I recently served as keynote speaker at the American Medical Directors Association annual meeting in Long Beach, California. The reason AMDA picked me was my photos of aging, which you can view on my online portfolio. The title of my talk was Geriatrics, Humanistic Medicine, & Art, and the goal was to weave together themes of art and medicine to draw conclusions as to how geriatrics is the most humanistic of medical specialties.
Humanistic principles were taught by Hippocrates, who is considered to be the founder of modern medicine. Unfortunately in our days of advanced technology and managed care, humanistic principles have been lost or buried in our daily tasks as caregivers. Basic humanistic principles are as follows:
- Technology is only one dimension in the approach to healing.
- Healing requires the physician to understand the emotional, spiritual, and psychosocial aspects of illness.
- Patients need to be seen as individuals not as diagnoses or CPT codes.
- Patients need to be heard and understood.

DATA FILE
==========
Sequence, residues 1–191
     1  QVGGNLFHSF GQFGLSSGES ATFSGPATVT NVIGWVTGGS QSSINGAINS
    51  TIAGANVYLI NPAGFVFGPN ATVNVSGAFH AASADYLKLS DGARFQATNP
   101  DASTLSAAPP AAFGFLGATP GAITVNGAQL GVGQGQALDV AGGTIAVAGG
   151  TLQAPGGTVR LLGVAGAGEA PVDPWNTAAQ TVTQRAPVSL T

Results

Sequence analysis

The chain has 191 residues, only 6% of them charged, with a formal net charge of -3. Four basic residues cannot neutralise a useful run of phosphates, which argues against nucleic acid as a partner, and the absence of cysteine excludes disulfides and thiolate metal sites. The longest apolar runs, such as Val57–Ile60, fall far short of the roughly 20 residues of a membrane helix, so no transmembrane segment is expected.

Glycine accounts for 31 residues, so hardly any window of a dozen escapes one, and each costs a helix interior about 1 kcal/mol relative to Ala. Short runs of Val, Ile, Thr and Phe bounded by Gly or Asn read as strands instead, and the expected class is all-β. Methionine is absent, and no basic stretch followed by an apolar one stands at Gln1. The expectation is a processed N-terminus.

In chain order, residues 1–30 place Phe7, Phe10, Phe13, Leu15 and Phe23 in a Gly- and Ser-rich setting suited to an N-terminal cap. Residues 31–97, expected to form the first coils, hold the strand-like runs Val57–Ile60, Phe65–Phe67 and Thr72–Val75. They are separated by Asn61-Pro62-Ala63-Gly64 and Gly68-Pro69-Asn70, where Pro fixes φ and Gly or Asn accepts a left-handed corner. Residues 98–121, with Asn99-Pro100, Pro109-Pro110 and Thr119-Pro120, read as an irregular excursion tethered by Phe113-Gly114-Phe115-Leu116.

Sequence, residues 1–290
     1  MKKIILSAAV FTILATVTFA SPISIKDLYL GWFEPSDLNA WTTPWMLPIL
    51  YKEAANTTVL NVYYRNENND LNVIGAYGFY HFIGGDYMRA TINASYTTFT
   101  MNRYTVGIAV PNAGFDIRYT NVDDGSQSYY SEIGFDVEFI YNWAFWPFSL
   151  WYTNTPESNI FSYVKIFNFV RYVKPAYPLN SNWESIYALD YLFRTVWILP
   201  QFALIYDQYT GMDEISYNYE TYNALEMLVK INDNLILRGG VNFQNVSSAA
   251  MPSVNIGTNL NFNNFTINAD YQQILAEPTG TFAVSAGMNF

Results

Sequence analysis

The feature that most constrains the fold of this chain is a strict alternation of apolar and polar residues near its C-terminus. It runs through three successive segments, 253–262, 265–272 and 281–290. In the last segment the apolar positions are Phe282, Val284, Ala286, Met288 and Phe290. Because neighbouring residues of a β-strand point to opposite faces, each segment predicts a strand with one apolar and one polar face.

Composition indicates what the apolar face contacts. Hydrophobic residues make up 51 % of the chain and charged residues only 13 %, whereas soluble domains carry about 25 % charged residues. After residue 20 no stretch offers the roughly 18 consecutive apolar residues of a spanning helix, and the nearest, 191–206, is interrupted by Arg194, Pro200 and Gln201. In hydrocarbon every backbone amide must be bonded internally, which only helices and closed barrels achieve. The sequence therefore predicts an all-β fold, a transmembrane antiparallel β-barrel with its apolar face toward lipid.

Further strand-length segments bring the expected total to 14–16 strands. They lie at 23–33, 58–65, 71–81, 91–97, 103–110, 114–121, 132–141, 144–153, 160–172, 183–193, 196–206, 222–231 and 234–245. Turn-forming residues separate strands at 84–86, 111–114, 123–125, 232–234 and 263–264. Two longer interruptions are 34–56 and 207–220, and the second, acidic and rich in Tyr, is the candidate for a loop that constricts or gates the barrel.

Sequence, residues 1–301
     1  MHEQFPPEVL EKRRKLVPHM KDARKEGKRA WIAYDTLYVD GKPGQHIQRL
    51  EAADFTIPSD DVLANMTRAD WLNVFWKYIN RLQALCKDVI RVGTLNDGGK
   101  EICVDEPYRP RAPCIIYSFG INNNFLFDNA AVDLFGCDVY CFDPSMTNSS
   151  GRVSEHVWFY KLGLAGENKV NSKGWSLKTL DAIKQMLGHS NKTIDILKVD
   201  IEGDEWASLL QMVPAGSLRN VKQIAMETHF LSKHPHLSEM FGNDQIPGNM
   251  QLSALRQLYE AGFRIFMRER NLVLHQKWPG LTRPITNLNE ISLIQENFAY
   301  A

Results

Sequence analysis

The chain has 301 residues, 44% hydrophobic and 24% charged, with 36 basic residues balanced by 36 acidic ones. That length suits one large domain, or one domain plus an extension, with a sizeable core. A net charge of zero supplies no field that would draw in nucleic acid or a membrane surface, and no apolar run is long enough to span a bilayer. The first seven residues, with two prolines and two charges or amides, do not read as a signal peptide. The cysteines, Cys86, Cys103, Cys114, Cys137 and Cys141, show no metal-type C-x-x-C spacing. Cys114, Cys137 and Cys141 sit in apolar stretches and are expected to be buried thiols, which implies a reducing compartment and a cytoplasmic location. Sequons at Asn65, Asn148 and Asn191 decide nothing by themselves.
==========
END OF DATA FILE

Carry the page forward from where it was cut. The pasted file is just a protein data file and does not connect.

It is my view that the basic tenets of geriatric medicine incorporates all of these humanistic principles. I use my images of aging to illustrate this point, presenting older people in a sympathetic, non-stereotypical manner that is unique and different from our society’s usual visual vocabulary. In my talk, I give a tour of aging in America, from the residents who live in nursing homes to the independent elders in the community. I present people who are immersed in life and relationships, contributing to our society, in celebration of life.
My conclusion is that geriatric medicine is the most humanistic of medical specialties for the following reasons:
- Geriatricians understand the limits of technology and our healthcare system.
- Geriatricians understand the importance of the support system and psychosocial aspects of illness.
- Geriatricians understand that caring takes time.
- Geriatricians understand the collaborative nature of caring.
Unfortunately geriatrics continues to be an unpopular specialty for doctors in training. In addition, the poor reimbursement for the practice of geriatrics is an additional discouraging factor. To turn the tide of disinterest for care of the elderly, there needs to be a realignment of financial priorities and a revamping of our system of medical education. Incorporation of principles of geriatric medicine early in the medical curriculum will only improve the quality of care for all Americans.
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See related posts:
Retooling for an Aging America: The Thud that Should Have Been a Bang
How Will Health Care Reform Affect Geriatrics?
Shakespeare, the Diversity of Aging, and the Need for Geriatrics
Photo courtesy of the American Medical Directors Association (AMDA)